One national newspaper last week described dyslexia as the product of the lazy middle classes.
This was startling for a number of reasons, not least the fact that the newspaper in question has the middle classes as its target audience.
As with many other disorders, dyslexia is something I don’t fully comprehend as I am not a sufferer.
So I decided to look it up.
The World Federation of Neurology defines dyslexia as “a disorder manifested by difficulty in learning to read despite conventional instruction, adequate intelligence and socio-cultural opportunity”.
And it was the last bit, socio-cultural opportunity, that made me realise just how wide of the mark the latest national newspaper claims were.
It clearly means dyslexia can afflict anyone from any social circumstance.
And the report from the World Federation of Neurology also goes on to say dyslexia can be neither taught nor inherent.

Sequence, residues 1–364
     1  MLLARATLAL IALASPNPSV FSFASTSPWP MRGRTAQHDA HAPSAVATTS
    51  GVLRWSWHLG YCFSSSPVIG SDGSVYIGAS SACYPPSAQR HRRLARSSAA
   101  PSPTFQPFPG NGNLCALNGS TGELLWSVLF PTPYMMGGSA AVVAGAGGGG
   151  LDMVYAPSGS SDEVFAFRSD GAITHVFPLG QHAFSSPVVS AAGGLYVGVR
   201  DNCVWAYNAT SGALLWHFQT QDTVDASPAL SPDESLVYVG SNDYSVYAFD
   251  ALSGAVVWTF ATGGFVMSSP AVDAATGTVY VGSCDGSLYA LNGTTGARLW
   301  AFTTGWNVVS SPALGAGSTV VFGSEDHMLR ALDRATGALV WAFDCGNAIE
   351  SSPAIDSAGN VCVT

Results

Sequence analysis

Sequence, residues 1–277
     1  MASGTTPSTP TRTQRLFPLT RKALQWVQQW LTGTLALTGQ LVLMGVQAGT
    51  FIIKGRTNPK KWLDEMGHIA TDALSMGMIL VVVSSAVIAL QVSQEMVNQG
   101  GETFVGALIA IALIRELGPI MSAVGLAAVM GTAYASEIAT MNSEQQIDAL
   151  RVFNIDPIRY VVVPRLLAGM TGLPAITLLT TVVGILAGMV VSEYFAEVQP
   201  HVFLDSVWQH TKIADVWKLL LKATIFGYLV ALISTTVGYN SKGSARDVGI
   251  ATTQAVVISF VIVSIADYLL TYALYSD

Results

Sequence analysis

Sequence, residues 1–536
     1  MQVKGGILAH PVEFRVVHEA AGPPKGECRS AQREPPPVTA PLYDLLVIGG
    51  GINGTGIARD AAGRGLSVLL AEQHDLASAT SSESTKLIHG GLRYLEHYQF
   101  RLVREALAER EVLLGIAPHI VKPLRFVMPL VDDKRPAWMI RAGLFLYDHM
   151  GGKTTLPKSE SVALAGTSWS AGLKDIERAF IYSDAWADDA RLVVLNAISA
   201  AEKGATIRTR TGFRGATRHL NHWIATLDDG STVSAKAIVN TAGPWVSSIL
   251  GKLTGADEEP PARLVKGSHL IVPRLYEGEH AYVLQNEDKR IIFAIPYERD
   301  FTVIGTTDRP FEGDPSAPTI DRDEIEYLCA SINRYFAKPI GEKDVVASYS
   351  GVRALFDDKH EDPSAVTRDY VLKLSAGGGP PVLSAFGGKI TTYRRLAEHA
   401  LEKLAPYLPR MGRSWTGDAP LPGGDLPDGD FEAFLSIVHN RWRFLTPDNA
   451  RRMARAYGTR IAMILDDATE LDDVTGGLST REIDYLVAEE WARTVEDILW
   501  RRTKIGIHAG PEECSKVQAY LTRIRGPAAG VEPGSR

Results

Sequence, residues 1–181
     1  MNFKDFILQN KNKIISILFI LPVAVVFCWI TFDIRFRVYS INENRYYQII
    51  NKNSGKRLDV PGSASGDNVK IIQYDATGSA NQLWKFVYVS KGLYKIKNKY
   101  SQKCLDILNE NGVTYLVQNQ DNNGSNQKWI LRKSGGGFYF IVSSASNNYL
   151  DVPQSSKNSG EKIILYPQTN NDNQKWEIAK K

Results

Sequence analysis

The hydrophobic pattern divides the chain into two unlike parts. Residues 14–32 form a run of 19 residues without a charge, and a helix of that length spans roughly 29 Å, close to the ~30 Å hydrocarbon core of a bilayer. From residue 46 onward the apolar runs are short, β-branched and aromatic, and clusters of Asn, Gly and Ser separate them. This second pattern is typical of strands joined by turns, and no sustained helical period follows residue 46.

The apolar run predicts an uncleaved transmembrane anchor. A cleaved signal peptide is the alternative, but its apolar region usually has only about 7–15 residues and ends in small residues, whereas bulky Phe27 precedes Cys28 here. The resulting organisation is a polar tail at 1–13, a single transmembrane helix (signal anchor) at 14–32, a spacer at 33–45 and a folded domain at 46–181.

It must have been a slow news day for the national newspaper in question.
Dyslexia was identified by Oswald Berkhan in 1881, but the term dyslexia was coined in 1887 by Rudolf Berlin, who was an ophthalmologist in Stuttgart.
He used the term to refer to the case of a young boy who struggled badly with reading and writing despite showing typical intellectual in all other respects.
So how did it take the newspaper in question so long to catch up with the story?
And was it really trying to suggest Albert Einstein, Alexander Graham Bell and Michael Faraday were all the product of the lazy middle classes?
I would not normally have heard about this story as I would not use the newspaper concerned to line a budgie tray, for fear of offending the bird!
But I heard an outraged radio debate on the article. At the end of it I realised the newspaper was once again wide of the mark.
No surprise there then. This is the newspaper that will be trying to blame the flooding of the Somerset Levels on gay marriage and the double-dip recession on lesbian single mothers!